Lauren Schneiderman/Hartford Courant via AP
Kevin Brown, left, chairman of the Mohegan Tribal Council and Rodney Butler, chairman of the Mashantucket Pequot Tribal Council, signed an historic agreement on Thursday, Sept. 10, 2015, at the state Capitol.

MGM, Connecticut Square Off Over Bill Allowing Third Tribal Casino

ICTMN Staff
11/4/15

The Mohegan and Mashantucket Pequot tribes have teamed up on a bid to open a satellite casino in the state. Unified under the joint gaming enterprise MM4CT Venture, the tribes formalized their new alliance at a signing ceremony at the State Capitol on September 10. They currently run Connecticut's two casinos, Mohegan Sun and Foxwoods, in the southeastern part of the state.

While the state's tribes have forged a new partnership, two previous political allies are at oods. Former U.S. Attorney General Eric Holder and Attorney General of Connecticut George Jepsen disagree about the state's new bill permitting the Mohegan Tribe and the Mashantucket Pequot Tribal Nation to open a third casino in Connecticut.

Special Act 15-7, "An Act Concerning Gaming", signed into law on June 19, 2015, opens doors to grant a license for the establishment of commercial casinos exclusively to the state's two federally recognized tribes. Holder charges this goes against the state's longstanding policy of encouraging competition in state contracting.

"While we have great respect for Mr. Holder and his many accomplishments, we disagree with the legal conclusions he asserts on behalf of his client, MGM," Jaclyn Falkowski, a spokeswoman for Jepsen, said in a statement.

Following his six-year tenure as AG, in July 2015, Holder rejoined law firm Covington & Burling LLP, which is representing MGM Resorts International in a lawsuit filed August 4, 2015, against Connecticut state officials. It alleges that the bill signed into law by Connecticut Democratic Gov. Dannel P. Malloy is unconstitutional for its preferential treatment toward tribes, reported lasvegassun.com.

MGM called the law "invalid, null, and void in its entirety" for failing to offer competitive bidding and fair contracting.

"Although Connecticut has the right — indeed, the responsibility — to promote economic growth, to seek to ameliorate the historical inequities visited upon Native Americans, and to create new jobs for its residents, the laws it enacts to achieve those goals must comply with the United States Constitution and Connecticut’s legal commitment to fair competition in state contracting,” Holder wrote in his letter dated October 26 to Jepsen. “Special Act 15-7 fails both of these tests."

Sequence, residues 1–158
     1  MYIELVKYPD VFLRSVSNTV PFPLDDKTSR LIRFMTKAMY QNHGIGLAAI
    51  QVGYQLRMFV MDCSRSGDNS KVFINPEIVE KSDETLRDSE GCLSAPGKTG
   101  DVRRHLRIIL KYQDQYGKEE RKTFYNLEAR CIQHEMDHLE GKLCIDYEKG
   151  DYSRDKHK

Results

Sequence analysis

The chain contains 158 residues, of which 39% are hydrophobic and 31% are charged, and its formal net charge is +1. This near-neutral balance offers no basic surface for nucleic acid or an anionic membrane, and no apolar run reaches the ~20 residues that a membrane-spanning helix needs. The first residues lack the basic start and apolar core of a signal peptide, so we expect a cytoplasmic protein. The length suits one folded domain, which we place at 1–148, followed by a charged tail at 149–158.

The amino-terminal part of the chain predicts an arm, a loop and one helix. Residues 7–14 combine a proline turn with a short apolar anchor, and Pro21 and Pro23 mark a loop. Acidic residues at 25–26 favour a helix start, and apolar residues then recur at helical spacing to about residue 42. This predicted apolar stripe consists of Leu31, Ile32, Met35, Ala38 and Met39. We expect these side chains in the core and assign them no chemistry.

Passage of the bill initiated the process for potential authorization of Connecticut's third casino—its first casino on non-tribal land. Following its approval, the Mohegan and Mashantucket Pequot tribes began talks with municipalities to establish a potential casino and issued requests for proposal (RFPs). November 6 is the deadline for proposals; the tribes anticipate selecting one by December 15, reported providencejournal.com.

A confirming vote from the Connecticut General Assembly is required before a casino may be built. The two-step process for casino approval is the result of Jensen's voiced concerns over the original wording of the bill.

The impetus behind the bill was to maintain market share against competition coming to Massachusetts, namely the $800 million resort MGM Springfield. MGM Resorts International broke ground on its Las Vegas-style facility on March 24, 2015, reported wbur.org. The resort is scheduled to open in 2018.

"First, (MGM) dismissed the proposed new facility as irrelevant. Now they’re fighting it tooth and nail," said Andrew Doba, a spokesman for the joint tribal entity MM4CT Venture. "One thing is clear — with every step they pursue in this process, MGM is admitting that our plan to save Connecticut jobs and revenue is going to work. As far as Mr. Holder’s letter is concerned, it appears that he’s representing a client like any other lawyer would do."

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